7 Jog +, Will Jog motor in the positive direction at Max. Velocity (VM). The Jog Enable (JE) Flag must be set for this to function.
8 Jog —, Will Jog motor in thenegative direction at max. velocity (VM). The jog enable (JE) flag must be set for this to function.
11 Reset, When set as RESET input, then the action is equivalent to a ^C entered into a terminal. Note: If setting the input to sourcing, active true, ground the input first or a reset will occur.
12 Capture input witll operate with the Trip Capture (TC) trip to run a subroutine when active NOTE: THIS FUNCTION APPLIES TO INPUT 1 ONLY!
Active
State Description
0 Active when LOW
1 Active when HIGH (default)

Analog Input

Usage

When used to setup the analog input, the Is command is used in this manner:

Is=5, <mode>, <level>

Example:

Analog input details

Modes
Description
9 Voltage mode (default)
10 Current mode
Levels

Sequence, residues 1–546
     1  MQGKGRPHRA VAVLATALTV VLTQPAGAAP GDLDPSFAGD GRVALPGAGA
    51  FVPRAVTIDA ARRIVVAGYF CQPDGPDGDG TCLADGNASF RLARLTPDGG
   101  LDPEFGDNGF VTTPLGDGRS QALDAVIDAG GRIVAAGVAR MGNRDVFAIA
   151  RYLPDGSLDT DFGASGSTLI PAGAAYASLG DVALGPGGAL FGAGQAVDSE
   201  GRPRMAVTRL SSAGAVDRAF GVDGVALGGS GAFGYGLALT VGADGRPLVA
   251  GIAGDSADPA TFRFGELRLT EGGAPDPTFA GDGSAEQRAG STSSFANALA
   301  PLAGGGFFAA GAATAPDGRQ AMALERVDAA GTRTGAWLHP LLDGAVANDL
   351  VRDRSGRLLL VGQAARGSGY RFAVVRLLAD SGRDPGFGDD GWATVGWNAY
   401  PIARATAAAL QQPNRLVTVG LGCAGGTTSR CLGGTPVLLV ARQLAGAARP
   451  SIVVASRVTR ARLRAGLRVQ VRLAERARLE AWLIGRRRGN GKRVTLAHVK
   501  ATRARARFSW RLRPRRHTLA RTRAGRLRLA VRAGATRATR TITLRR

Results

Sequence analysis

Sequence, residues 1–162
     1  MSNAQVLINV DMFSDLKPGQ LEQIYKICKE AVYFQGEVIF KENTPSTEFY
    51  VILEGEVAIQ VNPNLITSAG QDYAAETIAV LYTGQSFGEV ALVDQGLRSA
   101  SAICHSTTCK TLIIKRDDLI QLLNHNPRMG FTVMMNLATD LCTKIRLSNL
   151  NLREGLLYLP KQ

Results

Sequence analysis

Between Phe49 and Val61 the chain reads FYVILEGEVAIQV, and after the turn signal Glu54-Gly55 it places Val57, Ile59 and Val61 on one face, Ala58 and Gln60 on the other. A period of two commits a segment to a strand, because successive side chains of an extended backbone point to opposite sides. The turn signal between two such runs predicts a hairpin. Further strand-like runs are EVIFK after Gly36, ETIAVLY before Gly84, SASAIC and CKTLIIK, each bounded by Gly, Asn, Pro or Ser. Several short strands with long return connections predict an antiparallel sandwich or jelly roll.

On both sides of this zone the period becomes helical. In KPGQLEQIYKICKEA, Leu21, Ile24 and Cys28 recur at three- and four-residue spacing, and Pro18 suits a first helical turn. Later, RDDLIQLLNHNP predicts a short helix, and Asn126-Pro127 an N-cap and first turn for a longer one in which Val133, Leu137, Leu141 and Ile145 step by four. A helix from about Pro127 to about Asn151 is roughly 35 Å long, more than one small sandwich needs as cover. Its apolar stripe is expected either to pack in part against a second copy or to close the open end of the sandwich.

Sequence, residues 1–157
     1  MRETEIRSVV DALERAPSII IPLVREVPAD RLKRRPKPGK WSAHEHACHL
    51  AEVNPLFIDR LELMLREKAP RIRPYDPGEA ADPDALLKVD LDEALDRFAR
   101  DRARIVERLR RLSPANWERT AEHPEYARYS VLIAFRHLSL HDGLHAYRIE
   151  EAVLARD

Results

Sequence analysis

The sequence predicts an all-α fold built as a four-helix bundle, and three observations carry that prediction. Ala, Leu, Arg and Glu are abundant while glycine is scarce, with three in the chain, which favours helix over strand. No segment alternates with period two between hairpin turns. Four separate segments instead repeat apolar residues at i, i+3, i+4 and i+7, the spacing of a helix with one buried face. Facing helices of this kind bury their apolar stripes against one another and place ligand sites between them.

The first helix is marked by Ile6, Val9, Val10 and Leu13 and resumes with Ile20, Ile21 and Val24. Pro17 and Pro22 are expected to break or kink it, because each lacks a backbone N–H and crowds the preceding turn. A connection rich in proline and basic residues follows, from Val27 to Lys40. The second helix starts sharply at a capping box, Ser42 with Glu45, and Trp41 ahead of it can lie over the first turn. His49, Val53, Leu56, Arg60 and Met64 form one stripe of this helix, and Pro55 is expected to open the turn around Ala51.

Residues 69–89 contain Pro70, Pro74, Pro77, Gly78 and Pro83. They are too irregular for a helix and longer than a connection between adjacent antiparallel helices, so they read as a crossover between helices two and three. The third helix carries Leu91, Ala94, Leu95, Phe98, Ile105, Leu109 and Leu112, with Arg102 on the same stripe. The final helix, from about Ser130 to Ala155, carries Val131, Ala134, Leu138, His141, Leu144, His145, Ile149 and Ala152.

Description
0 0 to +5V (voltage mode), 0 to 20 mA (current mode) (default)
1 0 to 10V (voltage mode), 4 to 20 mA (current mode)

Encoder inputs

Usage and details

The encoder index mark only has one settable parameter, which is the active response state.

Is=6,0,<active>

This can be active when LOW (0, default) or active when HIGH (1).

General input usage commands

Mnemonic Function Usage example Description
Individual input point control commands
I<input> Read an individual input state as 1 or 0 PR I4 Read the state of input 4
CL k3, I4=1 Call subroutine k3 when I/O 4 is ACTIVE (1)
Binary coded decimal (BCD) commands
IN Read all logic inputs as a group. PR IN Read inputs1 – 4 as a group (response will be 0 – 15 based on I1 being LSb and I4 being MSb)
Note on NEMA 17 models the response range will be 0-7.
Input filtering commands
D<input>=<0-255> Set the input filtering to time in milliseconds D1=150 Set the filter for input 1 to 150 milliseconds. Input must be stable for 150 msec before the change will be detected.